An Unauthorized Bibliography
There’s nothing new within this book; there are no secrets. “It’s nothing special,” Bruce used to say. And so it wasn’t.
With over 750,000 copies sold in nine languages, The Tao of Jeet Kune Do is the bestselling martial arts book in modern history. Although Bruce Lee’s name and photo appear on the cover, dedicated fans know that he did not actually write Tao of Jeet Kune Do—at least not in its current form. (The book is a compilation of Bruce’s personal notes, organized and published posthumously by Dan Inosanto, Linda Lee and Gilbert Johnson.)
While credit for fighting methods expressed in Tao of JKD is rightfully given to boxer Edwin Haislet, fencers Hugo and James Castello, and others, we are left to infer that Jeet Kune Do’s philosophical underpinnings are Bruce’s unique contribution.
Quite the contrary, Jeet Kune Do is an orthodox expression of Taoist, Buddhist, and Western metaphysical principles. From the poem on the book’s opening page, to the passionate expressions of its final chapter, ideas in Tao of JKD can be traced directly to earlier written works. Here is a sampling of these sources.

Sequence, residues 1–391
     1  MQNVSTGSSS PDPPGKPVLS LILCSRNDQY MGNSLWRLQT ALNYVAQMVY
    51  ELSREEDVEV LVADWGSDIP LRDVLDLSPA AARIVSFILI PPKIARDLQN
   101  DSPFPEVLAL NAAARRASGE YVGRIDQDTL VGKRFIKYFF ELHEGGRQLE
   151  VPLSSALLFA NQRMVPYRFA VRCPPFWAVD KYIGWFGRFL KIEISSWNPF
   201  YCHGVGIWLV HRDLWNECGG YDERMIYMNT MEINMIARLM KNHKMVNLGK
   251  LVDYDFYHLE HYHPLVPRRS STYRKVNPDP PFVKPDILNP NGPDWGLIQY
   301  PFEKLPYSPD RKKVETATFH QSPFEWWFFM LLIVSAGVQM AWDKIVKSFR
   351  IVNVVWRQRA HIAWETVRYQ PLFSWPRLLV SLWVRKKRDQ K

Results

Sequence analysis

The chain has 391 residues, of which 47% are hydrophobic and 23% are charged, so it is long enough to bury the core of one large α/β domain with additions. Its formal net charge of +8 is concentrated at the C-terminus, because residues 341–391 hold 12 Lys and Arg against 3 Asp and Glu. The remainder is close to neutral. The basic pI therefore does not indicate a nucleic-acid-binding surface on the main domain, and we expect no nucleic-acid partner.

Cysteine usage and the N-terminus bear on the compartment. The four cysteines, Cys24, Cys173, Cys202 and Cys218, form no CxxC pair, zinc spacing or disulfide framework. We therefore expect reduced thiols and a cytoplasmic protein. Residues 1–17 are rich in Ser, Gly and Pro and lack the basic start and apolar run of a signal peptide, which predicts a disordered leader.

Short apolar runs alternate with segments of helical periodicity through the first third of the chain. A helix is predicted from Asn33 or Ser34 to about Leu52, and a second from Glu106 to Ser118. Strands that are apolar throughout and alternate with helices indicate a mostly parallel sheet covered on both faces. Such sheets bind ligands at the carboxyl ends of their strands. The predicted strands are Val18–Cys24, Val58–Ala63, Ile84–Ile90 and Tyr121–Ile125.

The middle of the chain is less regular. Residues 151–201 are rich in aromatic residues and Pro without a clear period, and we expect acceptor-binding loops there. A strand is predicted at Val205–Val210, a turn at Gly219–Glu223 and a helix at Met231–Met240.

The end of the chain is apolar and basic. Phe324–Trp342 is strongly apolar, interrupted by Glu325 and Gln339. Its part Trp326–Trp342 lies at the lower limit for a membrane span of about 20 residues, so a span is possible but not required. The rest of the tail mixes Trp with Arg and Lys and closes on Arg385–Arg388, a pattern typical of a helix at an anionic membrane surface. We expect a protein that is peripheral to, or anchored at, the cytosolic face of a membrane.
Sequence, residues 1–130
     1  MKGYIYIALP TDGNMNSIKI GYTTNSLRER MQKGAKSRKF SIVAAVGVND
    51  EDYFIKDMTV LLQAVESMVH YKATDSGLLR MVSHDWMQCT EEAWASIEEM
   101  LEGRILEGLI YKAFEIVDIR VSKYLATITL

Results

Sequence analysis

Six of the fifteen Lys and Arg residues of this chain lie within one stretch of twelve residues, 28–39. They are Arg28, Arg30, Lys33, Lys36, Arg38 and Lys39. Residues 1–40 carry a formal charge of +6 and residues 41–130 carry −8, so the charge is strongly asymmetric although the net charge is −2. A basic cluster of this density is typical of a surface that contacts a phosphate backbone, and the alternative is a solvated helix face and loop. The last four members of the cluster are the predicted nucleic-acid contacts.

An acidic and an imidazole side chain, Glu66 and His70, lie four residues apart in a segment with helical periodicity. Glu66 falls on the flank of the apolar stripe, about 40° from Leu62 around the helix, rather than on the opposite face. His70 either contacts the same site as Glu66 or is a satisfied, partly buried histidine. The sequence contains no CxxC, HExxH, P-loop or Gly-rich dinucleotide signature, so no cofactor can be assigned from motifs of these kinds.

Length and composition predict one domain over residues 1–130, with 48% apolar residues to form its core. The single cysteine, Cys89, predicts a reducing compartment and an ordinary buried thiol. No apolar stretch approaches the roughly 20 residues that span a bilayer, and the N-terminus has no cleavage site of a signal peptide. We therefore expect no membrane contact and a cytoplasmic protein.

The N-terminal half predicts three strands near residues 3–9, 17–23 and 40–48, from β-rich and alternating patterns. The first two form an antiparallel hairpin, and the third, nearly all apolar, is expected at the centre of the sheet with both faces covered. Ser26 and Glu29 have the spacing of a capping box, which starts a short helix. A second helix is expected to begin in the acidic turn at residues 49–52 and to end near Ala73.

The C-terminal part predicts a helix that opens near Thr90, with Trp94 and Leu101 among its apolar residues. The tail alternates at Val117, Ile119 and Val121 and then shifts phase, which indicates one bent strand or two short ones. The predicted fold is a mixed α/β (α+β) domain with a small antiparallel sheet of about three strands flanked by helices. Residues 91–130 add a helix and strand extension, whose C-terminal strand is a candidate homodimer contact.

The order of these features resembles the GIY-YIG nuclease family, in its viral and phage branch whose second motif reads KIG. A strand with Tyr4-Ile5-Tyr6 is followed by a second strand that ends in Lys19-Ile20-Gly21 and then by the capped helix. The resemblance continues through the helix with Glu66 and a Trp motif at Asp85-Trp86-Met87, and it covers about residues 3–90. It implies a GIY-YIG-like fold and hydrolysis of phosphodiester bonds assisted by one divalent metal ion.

There are two kinds of agnostics in the world. The first are lazy and ignorant fools; the second reject the philosophy of Baruch Spinoza.
On further consideration, maybe there is only one kind of agnostic?
Baruch Spinoza was one of the great thinkers in the history of the West, celebrated by his peers as a “prince of philosophers”. His work recognized a unity of the human mind and body, science and spirituality, God and Nature, in a manner more commonly associated today with Asian than with European thought.
Like the Taoist sage Lao Tzu, Spinoza was a champion of Monism.
Lao Tzu is perhaps the world’s most popular author. In the 2600 years since its initial publishing, Lao Tzu’s masterpiece, Tao Te Ching, has been translated into more than 200 languages, and reprinted more often than nearly any book in human history.
Lao Tzu was a great teacher, and a master of brevity. Though the Tao Te Ching is merely five thousand characters (less than fifty pages of English text), it conveys profound wisdom. His writing was potent, concise, and meaningful: all qualities which would prevent Lao Tzu from succeeding as an AdSense publisher.
No, Lao Tzu could never support himself on income from AdSense, or other contextual advertising systems. He probably couldn’t even earn enough to feed his water buffalo. Why?